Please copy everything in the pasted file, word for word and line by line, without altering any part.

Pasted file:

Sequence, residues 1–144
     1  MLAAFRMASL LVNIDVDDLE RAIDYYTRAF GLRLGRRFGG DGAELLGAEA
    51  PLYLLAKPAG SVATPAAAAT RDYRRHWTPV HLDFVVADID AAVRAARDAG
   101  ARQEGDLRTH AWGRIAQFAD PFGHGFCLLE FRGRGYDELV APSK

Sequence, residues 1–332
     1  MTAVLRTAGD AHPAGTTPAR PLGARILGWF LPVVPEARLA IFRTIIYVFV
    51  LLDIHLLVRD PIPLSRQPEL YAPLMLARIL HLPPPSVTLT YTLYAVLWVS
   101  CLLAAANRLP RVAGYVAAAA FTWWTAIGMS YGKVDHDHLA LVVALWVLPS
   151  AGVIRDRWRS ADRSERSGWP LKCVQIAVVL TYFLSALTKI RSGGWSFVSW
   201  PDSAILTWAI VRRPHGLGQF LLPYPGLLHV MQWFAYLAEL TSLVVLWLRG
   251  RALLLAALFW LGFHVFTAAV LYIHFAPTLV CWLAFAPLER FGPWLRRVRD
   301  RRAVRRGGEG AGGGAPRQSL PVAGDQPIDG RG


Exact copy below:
Sequence, residues 1–144
     1  MLAAFRMASL LVNIDVDDLE RAIDYYTRAF GLRLGRRFGG DGAELLGAEA
    51  PLYLLAKPAG SVATPAAAAT RDYRRHWTPV HLDFVVADID AAVRAARDAG
   101  ARQEGDLRTH AWGRIAQFAD PFGHGFCLLE FRGRGYDELV APSK

Sequence, residues 1–332
     1  MTAVLRTAGD AHPAGTTPAR PLGARILGWF LPVVPEARLA IFRTIIYVFV
    51  LLDIHLLVRD PIPLSRQPEL YAPLMLARIL HLPPPSVTLT YTLYAVLWVS
   101  CLLAAANRLP RVAGYVAAAA FTWWTAIGMS YGKVDHDHLA LVVALWVLPS
   151  AGVIRDRWRS ADRSERSGWP LKCVQIAVVL TYFLSALTKI RSGGWSFVSW
   201  PDSAILTWAI VRRPHGLGQF LLPYPGLLHV MQWFAYLAEL TSLVVLWLRG
   251  RALLLAALFW LGFHVFTAAV LYIHFAPTLV CWLAFAPLER FGPWLRRVRD
   301  RRAVRRGGEG AGGGAPRQSL PVAGDQPIDG RG